Actor Kal Penn's Final Thoughts After Leaving the White House: 'The Score Keeping on Capital Hill' Is a 'Bummer'

After working for the White House for two years, Penn shares his final thoughts.

ByABC News
July 29, 2011, 1:21 PM

July 29, 2011— -- Kalpen Modi's job as a White House liaison to young voters for the past two years has been to re-energize them during a time when the job market is bleak, and compromise on Capitol Hill seems impossible. He clearly has had his work cut out for him.

"I think for most young folks who I'm talking to, it doesn't matter if they're on the left or the right, the issues that they cared about were the same," he said. "It is a kind of bummer if you look at the score keeping on the Hill ... and what we have been focusing on is getting folks on the same page, focusing on the solutions."

More recognized by his stage name -- Kal Penn -- the 34-year-old actor is known for playing the lovable stoner Kumar in the "Harold and Kumar" film franchise, or the suicidal Dr. Kutner in the TV series "House, M.D." or a terrorist from "24."

But Penn stunned Hollywood in 2009 when he left to come to work in President Obama's White House as the associate director for the Office of Public Engagement -- a job he has never spoken about on camera until now.

"It's just not our role here," Penn said. "There is a whole team that does media stuff. Our jobs are just keep our heads down and do good work."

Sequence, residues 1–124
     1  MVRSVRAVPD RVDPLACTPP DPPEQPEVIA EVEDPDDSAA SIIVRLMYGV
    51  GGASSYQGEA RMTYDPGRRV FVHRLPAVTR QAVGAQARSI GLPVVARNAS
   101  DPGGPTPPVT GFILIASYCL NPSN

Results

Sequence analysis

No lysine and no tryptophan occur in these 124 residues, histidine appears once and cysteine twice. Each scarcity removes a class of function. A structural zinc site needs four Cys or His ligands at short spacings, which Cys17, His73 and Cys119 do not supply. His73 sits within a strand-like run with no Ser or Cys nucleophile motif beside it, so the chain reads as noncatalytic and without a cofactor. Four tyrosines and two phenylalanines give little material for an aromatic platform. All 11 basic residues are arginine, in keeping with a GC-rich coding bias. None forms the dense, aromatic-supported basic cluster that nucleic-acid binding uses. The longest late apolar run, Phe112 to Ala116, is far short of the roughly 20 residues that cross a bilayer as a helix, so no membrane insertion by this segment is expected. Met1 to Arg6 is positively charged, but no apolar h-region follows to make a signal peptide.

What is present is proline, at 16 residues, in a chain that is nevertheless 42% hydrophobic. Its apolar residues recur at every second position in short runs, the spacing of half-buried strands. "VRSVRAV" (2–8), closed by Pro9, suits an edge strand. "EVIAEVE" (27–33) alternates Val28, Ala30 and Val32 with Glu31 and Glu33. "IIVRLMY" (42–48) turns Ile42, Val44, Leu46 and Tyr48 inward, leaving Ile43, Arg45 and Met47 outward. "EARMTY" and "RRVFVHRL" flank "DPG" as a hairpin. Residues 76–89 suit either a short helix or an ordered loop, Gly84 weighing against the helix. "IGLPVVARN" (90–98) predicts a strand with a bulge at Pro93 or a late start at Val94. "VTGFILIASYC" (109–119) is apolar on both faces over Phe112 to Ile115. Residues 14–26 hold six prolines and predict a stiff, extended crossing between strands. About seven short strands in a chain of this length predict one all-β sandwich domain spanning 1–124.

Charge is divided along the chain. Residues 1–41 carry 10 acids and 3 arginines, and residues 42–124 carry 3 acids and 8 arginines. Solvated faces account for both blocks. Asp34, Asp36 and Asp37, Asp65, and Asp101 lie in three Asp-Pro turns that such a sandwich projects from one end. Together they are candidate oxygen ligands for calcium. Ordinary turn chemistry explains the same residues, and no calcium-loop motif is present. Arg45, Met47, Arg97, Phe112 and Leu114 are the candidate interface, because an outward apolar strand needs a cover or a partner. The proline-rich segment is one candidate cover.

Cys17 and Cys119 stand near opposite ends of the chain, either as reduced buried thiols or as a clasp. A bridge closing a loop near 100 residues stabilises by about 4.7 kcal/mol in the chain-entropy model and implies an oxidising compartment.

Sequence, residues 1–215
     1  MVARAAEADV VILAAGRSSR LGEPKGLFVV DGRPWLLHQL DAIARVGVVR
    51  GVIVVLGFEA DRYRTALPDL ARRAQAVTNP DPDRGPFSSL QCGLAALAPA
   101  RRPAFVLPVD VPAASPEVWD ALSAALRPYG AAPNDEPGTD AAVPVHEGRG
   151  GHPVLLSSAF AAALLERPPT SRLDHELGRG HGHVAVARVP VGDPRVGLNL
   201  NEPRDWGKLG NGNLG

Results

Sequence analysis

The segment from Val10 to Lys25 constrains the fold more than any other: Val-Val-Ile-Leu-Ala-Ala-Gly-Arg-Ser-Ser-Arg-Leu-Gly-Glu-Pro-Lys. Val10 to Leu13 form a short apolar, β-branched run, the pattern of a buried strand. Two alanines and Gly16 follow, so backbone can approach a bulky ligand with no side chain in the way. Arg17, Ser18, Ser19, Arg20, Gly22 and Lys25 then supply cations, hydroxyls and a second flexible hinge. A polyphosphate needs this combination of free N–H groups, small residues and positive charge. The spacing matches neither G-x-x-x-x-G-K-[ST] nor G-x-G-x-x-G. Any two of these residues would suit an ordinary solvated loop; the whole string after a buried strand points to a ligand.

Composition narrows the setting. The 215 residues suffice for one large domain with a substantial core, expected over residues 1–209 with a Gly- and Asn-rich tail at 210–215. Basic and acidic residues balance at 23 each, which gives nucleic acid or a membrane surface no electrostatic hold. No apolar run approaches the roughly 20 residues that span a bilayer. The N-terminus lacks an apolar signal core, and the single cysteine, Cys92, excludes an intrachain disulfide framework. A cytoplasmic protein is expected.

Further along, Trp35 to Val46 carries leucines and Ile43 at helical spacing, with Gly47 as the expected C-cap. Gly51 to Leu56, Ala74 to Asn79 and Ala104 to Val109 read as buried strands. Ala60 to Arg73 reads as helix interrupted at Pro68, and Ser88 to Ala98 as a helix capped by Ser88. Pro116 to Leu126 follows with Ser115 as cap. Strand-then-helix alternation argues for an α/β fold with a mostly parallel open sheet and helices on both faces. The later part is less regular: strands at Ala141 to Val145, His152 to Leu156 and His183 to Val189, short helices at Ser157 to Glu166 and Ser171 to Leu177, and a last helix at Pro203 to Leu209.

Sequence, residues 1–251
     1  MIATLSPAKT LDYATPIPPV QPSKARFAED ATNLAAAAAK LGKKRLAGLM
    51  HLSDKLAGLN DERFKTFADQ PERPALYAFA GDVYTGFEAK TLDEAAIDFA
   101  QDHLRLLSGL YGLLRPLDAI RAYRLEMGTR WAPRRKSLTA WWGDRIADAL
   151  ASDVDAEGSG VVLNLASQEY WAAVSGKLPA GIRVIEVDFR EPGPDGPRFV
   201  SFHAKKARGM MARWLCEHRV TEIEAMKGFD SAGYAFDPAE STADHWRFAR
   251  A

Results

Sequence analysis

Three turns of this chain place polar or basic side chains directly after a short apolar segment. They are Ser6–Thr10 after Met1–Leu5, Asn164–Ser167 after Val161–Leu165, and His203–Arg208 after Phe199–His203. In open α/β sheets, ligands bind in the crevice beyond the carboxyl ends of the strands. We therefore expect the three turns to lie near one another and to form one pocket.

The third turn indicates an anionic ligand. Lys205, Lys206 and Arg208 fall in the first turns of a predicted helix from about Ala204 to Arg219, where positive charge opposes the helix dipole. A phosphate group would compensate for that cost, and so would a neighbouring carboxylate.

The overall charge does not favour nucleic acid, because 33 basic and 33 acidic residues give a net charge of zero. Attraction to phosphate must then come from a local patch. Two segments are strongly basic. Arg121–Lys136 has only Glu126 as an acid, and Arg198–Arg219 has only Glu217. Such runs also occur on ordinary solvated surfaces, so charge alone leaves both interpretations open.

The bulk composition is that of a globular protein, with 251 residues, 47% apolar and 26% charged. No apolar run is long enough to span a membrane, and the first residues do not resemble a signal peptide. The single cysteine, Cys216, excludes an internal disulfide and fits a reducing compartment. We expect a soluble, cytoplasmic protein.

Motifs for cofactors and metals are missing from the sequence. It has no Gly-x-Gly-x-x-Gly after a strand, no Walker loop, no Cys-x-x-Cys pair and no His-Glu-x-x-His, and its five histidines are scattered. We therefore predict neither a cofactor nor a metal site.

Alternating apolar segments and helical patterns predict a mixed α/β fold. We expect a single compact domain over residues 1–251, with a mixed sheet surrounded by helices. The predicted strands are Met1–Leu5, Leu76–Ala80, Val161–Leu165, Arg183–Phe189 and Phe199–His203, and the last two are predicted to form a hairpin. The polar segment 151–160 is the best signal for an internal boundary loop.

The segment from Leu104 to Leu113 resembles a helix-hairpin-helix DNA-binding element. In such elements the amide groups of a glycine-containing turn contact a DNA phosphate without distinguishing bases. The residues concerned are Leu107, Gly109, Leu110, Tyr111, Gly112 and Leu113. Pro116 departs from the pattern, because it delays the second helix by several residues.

On the eve of his departure on July 29, Penn sat down for an exclusive interview with ABC News to talk about his work and his views on the political process.

"I don't know anyone who would say that the White House is particularly glamorous," he said. "I think everyone has an understanding of the impact you can have, and the fact that ... that feeling is indescribable."

Raised by Indian immigrant parents in Montclair, N.J., Penn has been working for Obama's senior advisor Valerie Jarret, slaving away in a small office with five other junior staffers.

"Our office doesn't handle policy, but we help bridge the gap between policies," Penn explained. "So if there's a group that's particularly concerned with an issue, and they want to bring in 10 or 12 folks, we'll put them in a room with some of our policy team and they'll link up that way."

The Office of Public Engagement focuses on creating a dialogue about policy with students from around the country. One of Penn's jobs is to engage the elusive young voters who turned out in droves for Obama in 2008 but who seem to have become more complacent almost three years later.

"I think what I've seen is that there is a realization that change is not a light switch," he said. "That if it was easy to flip on a light switch and change everything someone would have done it before, and it's actually a very laborious process, it's very slow. I wouldn't say it's disillusionment, I would say it's understanding the process."

While several actors have campaigned for Democratic politicians and presidential candidates, Penn may be the only one in recent memory to take a hiatus from acting to work for a politician full-time behind-the-scenes. It's a decision he said he made for personal reasons.

"I had friends who were over in Iraq and Afghanistan," Penn said. "I had buddies who had huge student debt, people who got kicked off their health insurance plans for one reason or another, and so that was my decision to get involved on a personal level."